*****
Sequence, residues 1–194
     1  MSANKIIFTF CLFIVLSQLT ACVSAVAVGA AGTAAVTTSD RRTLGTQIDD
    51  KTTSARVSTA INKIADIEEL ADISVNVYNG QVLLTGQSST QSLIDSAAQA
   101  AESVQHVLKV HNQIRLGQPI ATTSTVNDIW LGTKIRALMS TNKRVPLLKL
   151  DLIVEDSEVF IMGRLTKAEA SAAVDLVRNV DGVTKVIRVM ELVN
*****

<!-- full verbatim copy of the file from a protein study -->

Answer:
Sequence, residues 1–194
     1  MSANKIIFTF CLFIVLSQLT ACVSAVAVGA AGTAAVTTSD RRTLGTQIDD
    51  KTTSARVSTA INKIADIEEL ADISVNVYNG QVLLTGQSST QSLIDSAAQA
   101  AESVQHVLKV HNQIRLGQPI ATTSTVNDIW LGTKIRALMS TNKRVPLLKL
   151  DLIVEDSEVF IMGRLTKAEA SAAVDLVRNV DGVTKVIRVM ELVN